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Without systemic change, expect more record-breaking wildfire seasons: report

'If the people of B.C. want to co-exist with fire, there is an urgent need to act now at a pace and scale that will achieve landscape resilience.'
McDougall Creek wildfire burning in the B.C. Interior this past summer

Summer 2023’s record Interior blazes are serving as a reminder about the need to spend more to prevent and mitigate wildfires.

But the province must also rethink its methods, according to a June report by an independent government and industry watchdog.

“Wildfire risk reduction or restoration treatments can be costly, and there is currently little funding to support landscape treatment outside the wildland urban interface,” said the Forest and Fire Management in B.C. report from the Forest Practices Board (FPB). “The cost of treatments is a significant barrier. Without large and sustained financial support, markets for the residual fibre, or imposing legal requirements, risk reduction or restoration treatments will not occur.”

Landscape fire management, the report said, recognizes the role of fire in the ecosystem, but “embraces ecologically appropriate fuel management tools, including managed wildfire, prescribed burning, creation of fuel breaks and stand-level fuel treatments.”

The report notes the changing climate means longer fire seasons with a higher risk of ignitions and more areas severely burned. Wildland-urban interface (wherever human development begins mixing with nature) is the government’s focus. While “well-intentioned”, little has been done to reduce the broader risk of wildfire.

Over 96.3 million acres of B.C. public land are at high or extreme risk for wildfires. Only 64,000 acres – or one per cent of the wildland-urban interface – have been treated since 2018, coming in at a cost of $72 million.

“If the people of B.C. want to co-exist with fire, there is an urgent need to act now at a pace and scale that will achieve landscape resilience,” the report said.

Meanwhile, south of the border, the Biden administration has already turned its attention toward landscape fire management. The 10-year Wildfire Crisis Strategy is part of an US$8.25-billion program to treat 20 million more acres of national forests and grasslands, and support another 30 million acres of federal, state, tribal, private and family lands.

FPB has been calling for change for years. In 2017, then-chair Tim Ryan compared B.C.’s $200 million average annual expenditure on fighting wildfires with the $60 million spent on wildfire prevention between 2005 and 2015.

The year 2017 was also significant for the 10-week state of emergency that saw $568 million spent on fighting fires and 65,000 people displaced. It was also the summer that the BC NDP minority government under John Horgan came to power.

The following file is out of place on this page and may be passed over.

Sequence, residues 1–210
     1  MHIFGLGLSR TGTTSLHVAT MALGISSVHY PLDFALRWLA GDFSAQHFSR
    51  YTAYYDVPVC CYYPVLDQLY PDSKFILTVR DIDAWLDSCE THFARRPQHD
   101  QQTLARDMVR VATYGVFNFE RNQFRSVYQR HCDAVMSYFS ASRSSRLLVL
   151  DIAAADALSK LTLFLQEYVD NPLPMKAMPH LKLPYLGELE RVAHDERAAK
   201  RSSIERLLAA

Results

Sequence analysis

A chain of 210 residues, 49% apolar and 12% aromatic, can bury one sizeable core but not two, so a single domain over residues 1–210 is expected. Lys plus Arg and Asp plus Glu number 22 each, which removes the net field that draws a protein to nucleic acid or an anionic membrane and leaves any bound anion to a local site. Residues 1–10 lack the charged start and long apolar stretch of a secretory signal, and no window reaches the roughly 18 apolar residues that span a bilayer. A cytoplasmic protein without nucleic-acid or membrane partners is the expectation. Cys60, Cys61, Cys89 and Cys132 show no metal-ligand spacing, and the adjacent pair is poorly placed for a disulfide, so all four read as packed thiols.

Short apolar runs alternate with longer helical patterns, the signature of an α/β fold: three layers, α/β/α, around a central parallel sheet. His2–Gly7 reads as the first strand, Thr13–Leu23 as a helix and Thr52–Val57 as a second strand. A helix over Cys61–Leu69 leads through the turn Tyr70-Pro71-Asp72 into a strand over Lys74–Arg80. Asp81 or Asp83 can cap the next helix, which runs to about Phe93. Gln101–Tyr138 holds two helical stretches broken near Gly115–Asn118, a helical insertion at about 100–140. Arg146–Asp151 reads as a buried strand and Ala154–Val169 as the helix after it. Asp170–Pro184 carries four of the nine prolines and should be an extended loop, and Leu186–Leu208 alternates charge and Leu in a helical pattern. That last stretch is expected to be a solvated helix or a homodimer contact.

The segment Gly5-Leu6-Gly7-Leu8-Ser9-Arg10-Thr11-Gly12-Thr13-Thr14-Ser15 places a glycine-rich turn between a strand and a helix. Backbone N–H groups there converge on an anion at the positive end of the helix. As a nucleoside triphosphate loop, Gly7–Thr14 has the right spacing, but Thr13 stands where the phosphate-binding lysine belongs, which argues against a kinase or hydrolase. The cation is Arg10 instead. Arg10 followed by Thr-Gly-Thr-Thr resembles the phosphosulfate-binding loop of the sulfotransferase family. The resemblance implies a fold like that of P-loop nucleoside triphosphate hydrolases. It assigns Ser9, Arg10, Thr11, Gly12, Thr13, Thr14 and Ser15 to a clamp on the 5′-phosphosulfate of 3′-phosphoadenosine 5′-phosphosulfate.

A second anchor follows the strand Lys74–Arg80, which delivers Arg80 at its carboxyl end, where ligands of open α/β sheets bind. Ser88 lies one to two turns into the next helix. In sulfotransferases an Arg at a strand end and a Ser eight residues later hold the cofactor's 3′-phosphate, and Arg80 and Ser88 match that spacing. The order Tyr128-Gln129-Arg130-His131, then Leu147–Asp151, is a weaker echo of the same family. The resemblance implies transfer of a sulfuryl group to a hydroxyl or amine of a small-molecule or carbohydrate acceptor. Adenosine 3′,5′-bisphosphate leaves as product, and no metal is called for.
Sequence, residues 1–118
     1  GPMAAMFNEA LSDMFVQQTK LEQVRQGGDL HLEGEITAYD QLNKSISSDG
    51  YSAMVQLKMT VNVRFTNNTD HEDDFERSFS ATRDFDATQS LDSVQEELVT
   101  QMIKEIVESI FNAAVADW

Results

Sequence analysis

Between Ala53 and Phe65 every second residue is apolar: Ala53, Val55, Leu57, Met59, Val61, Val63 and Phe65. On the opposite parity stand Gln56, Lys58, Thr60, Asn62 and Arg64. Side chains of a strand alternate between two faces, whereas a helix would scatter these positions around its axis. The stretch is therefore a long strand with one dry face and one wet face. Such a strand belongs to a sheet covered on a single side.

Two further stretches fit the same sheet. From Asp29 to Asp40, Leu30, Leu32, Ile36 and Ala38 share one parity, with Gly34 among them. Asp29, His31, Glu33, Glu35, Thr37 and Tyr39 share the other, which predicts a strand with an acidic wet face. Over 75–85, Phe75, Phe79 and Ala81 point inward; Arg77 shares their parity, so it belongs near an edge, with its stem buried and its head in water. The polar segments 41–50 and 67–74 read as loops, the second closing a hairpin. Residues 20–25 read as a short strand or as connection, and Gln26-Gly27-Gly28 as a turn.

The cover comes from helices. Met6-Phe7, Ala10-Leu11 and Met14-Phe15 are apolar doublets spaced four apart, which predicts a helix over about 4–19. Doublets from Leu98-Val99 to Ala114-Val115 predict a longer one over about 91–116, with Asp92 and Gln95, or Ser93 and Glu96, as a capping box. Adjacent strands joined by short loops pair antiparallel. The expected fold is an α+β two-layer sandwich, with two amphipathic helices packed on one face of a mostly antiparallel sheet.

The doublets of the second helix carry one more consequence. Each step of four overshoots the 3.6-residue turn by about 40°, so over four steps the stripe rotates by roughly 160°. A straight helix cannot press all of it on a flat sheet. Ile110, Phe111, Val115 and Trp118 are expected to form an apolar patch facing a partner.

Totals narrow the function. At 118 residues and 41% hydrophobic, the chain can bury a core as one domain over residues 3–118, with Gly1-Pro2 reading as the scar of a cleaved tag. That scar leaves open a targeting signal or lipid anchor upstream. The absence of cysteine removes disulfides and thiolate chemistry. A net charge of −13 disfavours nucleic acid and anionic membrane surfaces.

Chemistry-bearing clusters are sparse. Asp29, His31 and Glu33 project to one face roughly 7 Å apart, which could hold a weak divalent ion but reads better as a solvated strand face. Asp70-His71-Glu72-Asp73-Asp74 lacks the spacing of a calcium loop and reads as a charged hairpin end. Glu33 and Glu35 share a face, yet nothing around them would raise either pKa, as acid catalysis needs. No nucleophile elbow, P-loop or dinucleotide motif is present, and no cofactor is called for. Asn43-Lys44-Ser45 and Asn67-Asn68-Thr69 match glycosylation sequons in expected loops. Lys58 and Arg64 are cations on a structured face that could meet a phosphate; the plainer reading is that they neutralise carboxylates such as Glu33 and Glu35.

Former BC Liberal cabinet minister George Abbott and Sto:lo Chief Maureen Chapman were hired to produce the Addressing the New Normal: 21st Century Disaster Management in British Columbia report on fires and floods.

Abbott and Chapman called for local governments to play a bigger role, but acknowledged that they are already focused on spending on building and maintaining water, sewer, roads, streetlights, parks and recreation and solid waste infrastructure. They recommended focusing on landscape-level treatments, prescribed burning and “a comprehensive strategic plan identifying communities at greatest risk from wildfire.” But they acknowledged the growing gap between spending on response versus planning/preparing/preventing/mitigating.

“If we are to limit the vulnerability of our homes, our properties and our communities to such extreme weather events and the new normal, the time to reinvest is now,” the 2018 report said.

A government follow-up report in late 2019 found that the province and feds had adopted the Sendai Framework for Disaster Risk Reduction with the goal of strengthening “each pillar of emergency management, through all-of-society efforts.”

The four-step plan calls on governments to understand disaster risks, strengthening governance to better manage those risks, invest in risk reduction and enhance preparedness to respond effectively and “build back better.”

When the pandemic came a few months after the report, “build back better” became a popular catchphrase among international political leaders. Residents of Lytton, B.C., who saw their town go up in smoke in June 2021, are waiting to find out what that really means.

That 2019 report also contemplated an overhaul of B.C.’s Emergency Program Act. The province had intended on tabling it during the fall 2020 legislative session. However, in the middle of the pandemic’s first year, Horgan called a snap election and the amendments were delayed.

The new law was delayed again by the heat dome disaster in June/July 2021 and the torrential rains and floods in November 2021.